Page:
Senator Chris Murphy at a press conference Monday evening. Photo: AP

On Monday, the U.S. Senate rejected four gun control proposals introduced in the wake of last week’s deadly Orlando shooting, voting roughly along party lines against two measures sponsored by Democrats and two competing measures sponsored by Republicans, The Guardian reports.

“I’m mortified by today’s vote, but I’m not surprised by it,” said Democrat Chris Murphy, who sponsored one of the amendments and led a nearly 15-hour filibuster last week demanding the vote. “I don’t think democracy allows for this Congress to be so out of step with the American public for long.”

Among the measures considered on Monday were an amendment introduced by Democrat Dianne Feinstein barring suspected terrorists from buying guns and one by Republican John Cornyn giving prosecutors three days to block such a sale. From the Associated Press:

Republicans said Feinstein’s proposal gave the government too much power to deny people’s constitutional right to own a gun and noted that the terrorist watch list has mistakenly included some people. Democrats said the three-day window Cornyn’s measure gave prosecutors to prove their case made his plan ineffective.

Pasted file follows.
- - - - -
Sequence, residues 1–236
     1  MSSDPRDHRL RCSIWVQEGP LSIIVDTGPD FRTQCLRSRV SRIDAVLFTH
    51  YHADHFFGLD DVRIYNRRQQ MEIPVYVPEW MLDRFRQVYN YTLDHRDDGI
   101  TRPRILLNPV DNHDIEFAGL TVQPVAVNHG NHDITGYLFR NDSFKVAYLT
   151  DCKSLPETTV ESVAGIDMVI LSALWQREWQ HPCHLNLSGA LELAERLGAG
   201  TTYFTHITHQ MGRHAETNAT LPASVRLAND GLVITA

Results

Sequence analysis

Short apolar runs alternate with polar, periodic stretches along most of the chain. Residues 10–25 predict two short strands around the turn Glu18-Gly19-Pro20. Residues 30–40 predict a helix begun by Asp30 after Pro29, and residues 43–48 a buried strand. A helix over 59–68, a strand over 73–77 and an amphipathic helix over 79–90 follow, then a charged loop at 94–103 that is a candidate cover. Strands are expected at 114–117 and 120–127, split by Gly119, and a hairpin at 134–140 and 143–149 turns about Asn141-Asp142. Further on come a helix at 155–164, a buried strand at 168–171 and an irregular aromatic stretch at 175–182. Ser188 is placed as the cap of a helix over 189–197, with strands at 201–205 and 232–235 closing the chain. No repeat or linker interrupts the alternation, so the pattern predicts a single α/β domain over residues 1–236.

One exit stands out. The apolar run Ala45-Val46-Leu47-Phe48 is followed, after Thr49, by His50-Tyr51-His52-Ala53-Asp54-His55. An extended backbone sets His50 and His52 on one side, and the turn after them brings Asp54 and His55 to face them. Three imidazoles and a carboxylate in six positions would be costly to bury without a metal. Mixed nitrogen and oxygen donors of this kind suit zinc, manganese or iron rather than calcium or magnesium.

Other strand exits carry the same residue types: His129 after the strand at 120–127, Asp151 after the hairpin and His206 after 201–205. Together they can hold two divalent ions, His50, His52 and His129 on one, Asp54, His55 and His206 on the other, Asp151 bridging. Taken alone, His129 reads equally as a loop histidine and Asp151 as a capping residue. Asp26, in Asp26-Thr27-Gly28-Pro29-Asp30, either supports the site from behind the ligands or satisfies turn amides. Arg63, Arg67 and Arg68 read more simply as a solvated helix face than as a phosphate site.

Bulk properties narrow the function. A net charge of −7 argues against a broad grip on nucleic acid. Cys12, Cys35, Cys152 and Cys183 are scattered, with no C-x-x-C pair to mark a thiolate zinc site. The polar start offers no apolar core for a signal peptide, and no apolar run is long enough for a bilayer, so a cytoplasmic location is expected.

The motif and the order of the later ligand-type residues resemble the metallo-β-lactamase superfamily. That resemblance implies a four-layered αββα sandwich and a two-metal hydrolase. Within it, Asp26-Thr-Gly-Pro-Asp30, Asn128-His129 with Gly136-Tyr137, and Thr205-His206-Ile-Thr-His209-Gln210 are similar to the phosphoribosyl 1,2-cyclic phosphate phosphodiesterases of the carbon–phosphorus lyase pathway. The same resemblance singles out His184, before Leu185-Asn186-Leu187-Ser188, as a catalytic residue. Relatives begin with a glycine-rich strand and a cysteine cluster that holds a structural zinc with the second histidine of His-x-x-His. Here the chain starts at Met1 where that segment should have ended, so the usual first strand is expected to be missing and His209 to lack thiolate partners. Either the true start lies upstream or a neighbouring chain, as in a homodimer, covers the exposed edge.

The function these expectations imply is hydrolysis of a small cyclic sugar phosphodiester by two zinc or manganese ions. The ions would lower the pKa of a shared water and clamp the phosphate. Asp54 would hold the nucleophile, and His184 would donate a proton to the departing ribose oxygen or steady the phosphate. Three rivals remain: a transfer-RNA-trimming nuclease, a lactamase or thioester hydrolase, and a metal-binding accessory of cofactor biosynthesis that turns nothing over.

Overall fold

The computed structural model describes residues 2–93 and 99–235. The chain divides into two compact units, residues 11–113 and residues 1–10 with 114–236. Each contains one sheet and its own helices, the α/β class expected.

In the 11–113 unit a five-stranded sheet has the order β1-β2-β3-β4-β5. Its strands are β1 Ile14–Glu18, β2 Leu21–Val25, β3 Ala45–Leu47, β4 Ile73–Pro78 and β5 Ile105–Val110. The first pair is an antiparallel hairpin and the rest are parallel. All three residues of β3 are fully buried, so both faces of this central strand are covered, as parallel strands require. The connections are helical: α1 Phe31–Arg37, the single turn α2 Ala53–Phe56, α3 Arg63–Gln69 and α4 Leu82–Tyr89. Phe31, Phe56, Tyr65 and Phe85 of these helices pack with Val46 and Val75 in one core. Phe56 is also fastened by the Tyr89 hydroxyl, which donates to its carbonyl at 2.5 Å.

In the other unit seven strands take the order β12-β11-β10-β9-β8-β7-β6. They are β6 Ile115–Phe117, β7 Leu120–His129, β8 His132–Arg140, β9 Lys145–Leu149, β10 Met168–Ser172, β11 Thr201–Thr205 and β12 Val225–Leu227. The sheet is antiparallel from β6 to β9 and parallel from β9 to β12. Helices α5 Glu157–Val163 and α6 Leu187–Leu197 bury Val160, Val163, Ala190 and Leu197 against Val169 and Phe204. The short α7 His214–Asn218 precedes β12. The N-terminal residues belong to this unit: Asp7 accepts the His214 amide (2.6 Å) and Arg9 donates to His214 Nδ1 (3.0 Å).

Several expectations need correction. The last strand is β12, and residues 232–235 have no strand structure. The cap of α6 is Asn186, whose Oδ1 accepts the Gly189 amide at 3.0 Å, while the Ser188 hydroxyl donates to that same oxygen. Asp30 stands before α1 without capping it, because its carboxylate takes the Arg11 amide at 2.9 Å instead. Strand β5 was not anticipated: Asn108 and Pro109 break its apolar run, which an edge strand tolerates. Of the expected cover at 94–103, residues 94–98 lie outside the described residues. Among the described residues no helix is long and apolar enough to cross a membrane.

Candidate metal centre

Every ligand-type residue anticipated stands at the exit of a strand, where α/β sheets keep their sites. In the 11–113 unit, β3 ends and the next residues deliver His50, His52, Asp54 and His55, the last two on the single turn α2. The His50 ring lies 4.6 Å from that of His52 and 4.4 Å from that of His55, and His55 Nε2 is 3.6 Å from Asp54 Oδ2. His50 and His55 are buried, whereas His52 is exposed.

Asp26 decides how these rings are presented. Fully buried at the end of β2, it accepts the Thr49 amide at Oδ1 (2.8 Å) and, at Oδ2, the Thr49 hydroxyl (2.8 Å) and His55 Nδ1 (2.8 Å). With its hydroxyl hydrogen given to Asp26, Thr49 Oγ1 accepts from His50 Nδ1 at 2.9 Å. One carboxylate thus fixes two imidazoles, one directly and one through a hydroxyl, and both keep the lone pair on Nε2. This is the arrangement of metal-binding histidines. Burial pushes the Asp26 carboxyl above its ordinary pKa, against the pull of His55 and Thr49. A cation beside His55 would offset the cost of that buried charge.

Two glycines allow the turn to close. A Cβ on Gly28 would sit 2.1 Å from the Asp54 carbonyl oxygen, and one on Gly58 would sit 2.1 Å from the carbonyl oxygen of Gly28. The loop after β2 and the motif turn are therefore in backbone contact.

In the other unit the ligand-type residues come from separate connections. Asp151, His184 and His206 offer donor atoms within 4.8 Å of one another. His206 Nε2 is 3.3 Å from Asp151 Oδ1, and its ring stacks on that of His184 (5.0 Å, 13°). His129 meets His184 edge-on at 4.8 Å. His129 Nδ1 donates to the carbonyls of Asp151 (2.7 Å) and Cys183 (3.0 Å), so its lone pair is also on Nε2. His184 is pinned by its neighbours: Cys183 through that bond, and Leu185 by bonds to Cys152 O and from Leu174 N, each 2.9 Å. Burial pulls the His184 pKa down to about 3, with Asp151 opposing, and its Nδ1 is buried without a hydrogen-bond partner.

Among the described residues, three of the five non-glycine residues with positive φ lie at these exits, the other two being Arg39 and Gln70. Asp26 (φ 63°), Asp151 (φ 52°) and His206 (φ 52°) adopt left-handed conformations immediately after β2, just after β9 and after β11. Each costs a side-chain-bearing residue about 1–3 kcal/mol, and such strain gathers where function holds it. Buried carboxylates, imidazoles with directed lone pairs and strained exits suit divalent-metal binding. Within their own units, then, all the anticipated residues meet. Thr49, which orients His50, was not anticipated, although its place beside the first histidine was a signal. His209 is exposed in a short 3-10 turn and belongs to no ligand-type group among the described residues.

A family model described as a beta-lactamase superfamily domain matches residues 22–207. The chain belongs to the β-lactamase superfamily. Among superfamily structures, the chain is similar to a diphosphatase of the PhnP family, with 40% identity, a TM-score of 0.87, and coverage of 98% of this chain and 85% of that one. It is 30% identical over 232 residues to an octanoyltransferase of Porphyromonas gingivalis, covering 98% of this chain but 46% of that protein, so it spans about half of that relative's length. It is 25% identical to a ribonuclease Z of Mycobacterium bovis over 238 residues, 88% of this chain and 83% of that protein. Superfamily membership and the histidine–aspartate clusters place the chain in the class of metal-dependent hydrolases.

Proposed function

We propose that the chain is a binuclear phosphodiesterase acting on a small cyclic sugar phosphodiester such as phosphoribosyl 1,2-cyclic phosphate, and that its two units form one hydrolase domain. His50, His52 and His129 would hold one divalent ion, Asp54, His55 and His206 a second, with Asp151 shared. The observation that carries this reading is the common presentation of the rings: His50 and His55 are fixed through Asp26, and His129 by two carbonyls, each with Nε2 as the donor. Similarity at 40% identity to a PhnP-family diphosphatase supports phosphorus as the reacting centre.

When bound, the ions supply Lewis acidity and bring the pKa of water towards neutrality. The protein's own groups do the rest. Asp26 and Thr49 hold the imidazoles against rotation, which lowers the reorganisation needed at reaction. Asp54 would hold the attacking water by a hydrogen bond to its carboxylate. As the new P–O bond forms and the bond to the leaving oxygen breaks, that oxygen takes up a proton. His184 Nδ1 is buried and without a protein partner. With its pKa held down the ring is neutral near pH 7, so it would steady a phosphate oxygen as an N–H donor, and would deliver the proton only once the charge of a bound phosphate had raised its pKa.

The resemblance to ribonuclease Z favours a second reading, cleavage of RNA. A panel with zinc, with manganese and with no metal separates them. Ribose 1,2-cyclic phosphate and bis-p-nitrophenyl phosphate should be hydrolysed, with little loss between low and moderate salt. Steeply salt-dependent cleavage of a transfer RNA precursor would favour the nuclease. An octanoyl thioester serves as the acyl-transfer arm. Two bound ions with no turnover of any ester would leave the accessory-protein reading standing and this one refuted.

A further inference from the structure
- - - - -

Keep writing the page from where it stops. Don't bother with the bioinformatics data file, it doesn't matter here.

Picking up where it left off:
Murphy’s rejected proposal would widely expand the requirement for background checks, even to many private gun transactions, leaving few loopholes.

The defeated plan by Senate Judiciary Committee Chairman Charles Grassley, R-Iowa, increased money for the background check system. It also revamped language prohibiting some people with mental health issues from buying a gun, which Democrats claimed would reduce current protections.

As early as Tuesday, moderate Republican Susan Collins is expected to introduce her own measure, presented as a compromise, barring individuals on the federal no-fly list (which is much shorter than the similarly secretive and flawed terrorist watch list) from buying guns.

“Theres tremendous interest on both sides of the aisle, I hope that will be having a press conference tomorrow,” Collins told CNN. “We’ll see where we are.”